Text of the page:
Prostate Surgery: What to Expect on the Day of Surgery

Transurethral Resection of the Prostate for BPH

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Prostate surgery is performed to treat prostate cancer and the urinary symptoms or complications of benign prostatic hyperplasia (BPH). There are different types of prostate surgeries. Choosing the right surgery depends on the underlying condition (cancer versus enlargement) and other factors like the size of the prostate gland and surgeon experience. For the vast majority of prostate surgeries, patients can expect to stay in the hospital for one to three nights.

Before the Surgery

On the day of your prostate surgery, you will arrive at the hospital or surgical center, check-in, and sign an anesthesia and surgery consent form. After that, you will go to a pre-operative room where you can expect the following:

  • You will change into a hospital gown.
  • A nurse will record your vitals (heart rate, blood pressure, etc.) and place an intravenous (IV) line into a vein in your arm for administering fluids and medications.
  • Your urologist and anesthesiologist will come to say hello and briefly review the surgery with you.
  • When the surgical team is ready, you will be wheeled into the operating room on a gurney where the anesthesia process will start.

There are two types of anesthesia used for prostate surgery:

  • General anesthesia: An anesthesiologist will give you inhaled or intravenous medication that will put you to sleep. Since you are temporarily unconscious, you will not remember anything during the surgery or experience any pain. After you are asleep, the anesthesiologist will insert a breathing tube (called an endotracheal tube) and deliver oxygen.
  • Regional anesthesia: An anesthesiologist will inject a numbing medication into a part of your body, usually your lower back (called a spinal or epidural block). You will be conscious, but you will not feel any pain or other sensations in the numbed part of your body. In order to fall into a light sleep, you will also be given a sedative through your IV.

During the Surgery

The type of prostate surgery depends on the condition being treated—prostate cancer versus BPH.

Prostate Cancer

The most common type of surgery to treat prostate cancer is a radical prostatectomy. This surgery involves removing the entire prostate gland along with nearby tissues, such as the seminal vesicles.

A radical prostatectomy can be performed in three different ways:

  • Open radical prostatectomy: The surgeon accesses the prostate gland by making a large incision over the lower abdomen. Less commonly, the prostate is accessed through an incision made between the anus and scrotum (the perineum).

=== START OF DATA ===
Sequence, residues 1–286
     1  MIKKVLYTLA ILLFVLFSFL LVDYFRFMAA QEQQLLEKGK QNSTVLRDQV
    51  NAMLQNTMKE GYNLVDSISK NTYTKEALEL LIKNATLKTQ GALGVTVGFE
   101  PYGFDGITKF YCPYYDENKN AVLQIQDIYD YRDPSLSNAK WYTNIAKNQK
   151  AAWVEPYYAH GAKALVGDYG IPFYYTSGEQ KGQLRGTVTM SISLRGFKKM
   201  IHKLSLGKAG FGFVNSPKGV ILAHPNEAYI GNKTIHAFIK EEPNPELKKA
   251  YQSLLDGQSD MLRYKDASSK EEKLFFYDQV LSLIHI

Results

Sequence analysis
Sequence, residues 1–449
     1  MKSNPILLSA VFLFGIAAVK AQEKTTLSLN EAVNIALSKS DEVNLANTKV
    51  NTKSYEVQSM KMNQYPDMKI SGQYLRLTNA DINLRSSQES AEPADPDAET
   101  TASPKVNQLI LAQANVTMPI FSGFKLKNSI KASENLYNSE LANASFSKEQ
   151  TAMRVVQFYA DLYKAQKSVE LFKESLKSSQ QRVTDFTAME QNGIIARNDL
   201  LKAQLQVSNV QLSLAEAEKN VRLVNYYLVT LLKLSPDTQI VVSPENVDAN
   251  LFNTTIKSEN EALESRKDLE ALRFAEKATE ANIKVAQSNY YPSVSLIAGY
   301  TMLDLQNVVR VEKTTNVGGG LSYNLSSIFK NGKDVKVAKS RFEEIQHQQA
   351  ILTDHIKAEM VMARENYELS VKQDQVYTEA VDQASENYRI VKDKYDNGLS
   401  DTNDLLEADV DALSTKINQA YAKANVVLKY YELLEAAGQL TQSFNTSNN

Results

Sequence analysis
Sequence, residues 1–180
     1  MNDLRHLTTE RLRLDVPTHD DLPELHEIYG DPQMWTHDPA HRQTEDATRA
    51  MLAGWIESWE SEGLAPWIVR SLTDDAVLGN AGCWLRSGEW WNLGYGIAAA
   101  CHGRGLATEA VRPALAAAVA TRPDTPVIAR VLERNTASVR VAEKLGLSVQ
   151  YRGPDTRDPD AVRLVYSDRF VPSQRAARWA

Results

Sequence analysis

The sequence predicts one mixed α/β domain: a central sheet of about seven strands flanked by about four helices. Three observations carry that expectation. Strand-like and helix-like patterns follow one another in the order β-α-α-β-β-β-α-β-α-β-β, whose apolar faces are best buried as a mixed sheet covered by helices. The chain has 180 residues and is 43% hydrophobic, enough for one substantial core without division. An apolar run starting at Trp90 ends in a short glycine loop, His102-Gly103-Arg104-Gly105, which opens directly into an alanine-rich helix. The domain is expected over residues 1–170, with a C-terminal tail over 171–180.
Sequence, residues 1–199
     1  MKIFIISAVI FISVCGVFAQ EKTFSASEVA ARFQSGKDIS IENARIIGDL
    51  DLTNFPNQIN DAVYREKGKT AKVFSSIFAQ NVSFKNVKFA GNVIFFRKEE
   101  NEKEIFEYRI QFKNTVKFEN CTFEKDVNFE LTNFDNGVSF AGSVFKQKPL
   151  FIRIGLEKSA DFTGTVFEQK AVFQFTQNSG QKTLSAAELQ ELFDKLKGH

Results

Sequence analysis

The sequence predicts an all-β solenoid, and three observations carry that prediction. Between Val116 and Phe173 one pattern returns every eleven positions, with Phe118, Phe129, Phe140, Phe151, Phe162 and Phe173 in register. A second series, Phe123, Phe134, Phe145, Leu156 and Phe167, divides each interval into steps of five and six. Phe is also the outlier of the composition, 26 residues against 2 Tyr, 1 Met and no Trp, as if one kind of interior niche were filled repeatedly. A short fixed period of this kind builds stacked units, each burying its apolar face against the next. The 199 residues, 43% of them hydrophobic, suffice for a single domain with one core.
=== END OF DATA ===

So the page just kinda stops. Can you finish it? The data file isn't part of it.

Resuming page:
• Laparoscopic radical prostatectomy: This minimally invasive approach involves accessing the prostate gland by inserting long, thin instruments through several keyhole-sized incisions made in the lower abdomen.
  • Robotic-assisted laparoscopic prostatectomy: With this approach, the surgeon sits at a computer console and manipulates mini robotic arms/instruments (inserted through several keyhole-sized incisions) to remove the prostate gland.

A radical prostatectomy generally proceeds in the following fashion:

  • After anesthesia and an antibiotic is given, a member of the surgical team cleans the skin over the lower abdomen using an antiseptic solution to kill any bacteria.
  • With an open operation, the surgeon makes a large incision from the belly button down to the pubic bone. With a laparoscopic approach, several small incisions are made in the abdomen.
  • The surgeon then removes the entire prostate gland along with nearby tissues, including the seminal vesicles, and sometimes, surrounding lymph nodes. If the laparoscopic approach is used, long-thin instruments are inserted through the small incisions to remove the gland and tissues.
  • After the prostate gland is removed, the bladder is reconnected to the urethra. A catheter is then placed in the penis to help drain urine from the bladder.
  • Anesthesia is then stopped, the breathing tube is removed (if undergoing general anesthesia), and the patient is taken to a recovery room.

Benign Prostatic Hyperplasia (BPH)

Surgery may be needed to treat symptoms of BPH that are refractory to medication, such as hesitancy, straining to void, or experiencing a urine flow that starts and stops. Surgery for BPH may also be indicated if complications like recurrent urinary tract infections or bladder stones develop.

The vast majority of BPH surgeries are performed using a transurethral technique. With this technique, a tube-like instrument called a resectoscope reaches the prostate gland via the urethra.

Some of these techniques include the following: